The tone of this Bloomberg story on how dozens of companies are finding that their options timing shenanigans are getting them in hot water with bondholders strikes us as a little bit one-sided. Here’s the lede, with emphasis added.
As soon as Vitesse Semiconductor Corp. said it was under investigation for securities law violations that may delay routine regulatory filings, the Camarillo, California, maker of computer chips also learned it was about to be held up for ransom in the bond market.
How Vitesse bonds and the debt of dozens of companies are being exploited by hedge funds, including Citadel Investment Group LLC, Whitebox Advisors LLC and Aristeia Capital LLC, is the story of fine print in prospectuses allowing creditors to demand immediate payment of principal when earnings reports are delayed.
At stake is as much as $36 billion of bonds that may be retired if the funds have their way, according to data compiled by Bloomberg. While no one expects that amount to be redeemed early, almost $200 million in premature payments may be made, says New York-based law firm Latham & Watkins LLP.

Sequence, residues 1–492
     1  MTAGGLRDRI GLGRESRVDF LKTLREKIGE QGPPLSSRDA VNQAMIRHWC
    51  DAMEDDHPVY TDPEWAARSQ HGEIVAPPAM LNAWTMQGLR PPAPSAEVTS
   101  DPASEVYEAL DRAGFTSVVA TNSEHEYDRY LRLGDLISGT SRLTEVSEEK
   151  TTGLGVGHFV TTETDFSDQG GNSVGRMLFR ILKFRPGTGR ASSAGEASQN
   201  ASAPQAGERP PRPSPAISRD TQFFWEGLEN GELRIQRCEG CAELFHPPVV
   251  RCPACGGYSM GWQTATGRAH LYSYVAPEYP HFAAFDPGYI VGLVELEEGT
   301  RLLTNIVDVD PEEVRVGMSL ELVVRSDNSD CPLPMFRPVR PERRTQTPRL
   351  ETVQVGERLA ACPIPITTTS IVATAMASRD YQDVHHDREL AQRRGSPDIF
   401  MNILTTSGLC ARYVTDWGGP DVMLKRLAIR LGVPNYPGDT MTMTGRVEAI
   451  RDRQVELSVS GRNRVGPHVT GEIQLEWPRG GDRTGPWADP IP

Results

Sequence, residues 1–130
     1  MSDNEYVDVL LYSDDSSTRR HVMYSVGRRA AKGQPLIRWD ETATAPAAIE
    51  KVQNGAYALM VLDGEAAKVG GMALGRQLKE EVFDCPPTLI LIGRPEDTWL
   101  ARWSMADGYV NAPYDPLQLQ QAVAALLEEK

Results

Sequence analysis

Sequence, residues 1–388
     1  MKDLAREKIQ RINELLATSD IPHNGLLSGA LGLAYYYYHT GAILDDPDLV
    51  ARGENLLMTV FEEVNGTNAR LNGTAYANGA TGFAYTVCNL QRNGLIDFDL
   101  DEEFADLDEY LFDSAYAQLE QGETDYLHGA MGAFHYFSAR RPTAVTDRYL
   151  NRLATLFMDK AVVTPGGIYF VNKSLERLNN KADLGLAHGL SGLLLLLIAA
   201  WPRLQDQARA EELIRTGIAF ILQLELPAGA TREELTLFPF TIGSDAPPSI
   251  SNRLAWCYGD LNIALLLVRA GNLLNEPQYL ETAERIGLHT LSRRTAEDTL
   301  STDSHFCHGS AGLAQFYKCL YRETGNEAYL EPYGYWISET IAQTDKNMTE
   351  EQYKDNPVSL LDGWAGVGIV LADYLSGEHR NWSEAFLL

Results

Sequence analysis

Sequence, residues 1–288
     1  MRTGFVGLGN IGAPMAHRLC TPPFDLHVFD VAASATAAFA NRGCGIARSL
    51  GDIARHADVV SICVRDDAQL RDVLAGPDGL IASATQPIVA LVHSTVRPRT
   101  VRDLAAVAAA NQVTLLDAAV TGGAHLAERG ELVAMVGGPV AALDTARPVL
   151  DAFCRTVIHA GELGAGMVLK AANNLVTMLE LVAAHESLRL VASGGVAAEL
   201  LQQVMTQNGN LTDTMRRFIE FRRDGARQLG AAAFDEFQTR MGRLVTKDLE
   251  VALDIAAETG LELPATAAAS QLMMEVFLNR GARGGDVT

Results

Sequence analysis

Briefly, here’s what seems to be happening. The companies are finding they cannot deliver financial statements on time due to questions about option timing. In a distant past they may have delivered the statements and then sought to restate them later rather than default on their bonds, but SOX requirements that the financials be certified by executives would put those executives on the line for the misstatements. So now its preferable to default than to file a timely if wrong statement.
Now this is no doubt annoying to the shareholders and managers of the companies involved. But the companies did sign on to the covenants agreeing that failure to file financial statements would amount to a default. And it’s not as if the Sarbanes Oxley requirements are new. If they wanted looser covenants, they could have sought to refinance.
Or they could have avoided playing around with the dates of their options grants.
Options Scam Lets Citadel, Hedge Funds Exploit Bonds [Bloomberg]
Update: Paul Kedrosky has a very different take.
[Disclaimer: When John Carney was an attorney he often worked for banks and financial institutions which arranged bond issuances and most likely hold some of the bonds in question. He drafted and negotiated loan documents, including bond covenants, for clients. He worked at Latham & Watkins from 2004 to 2005.]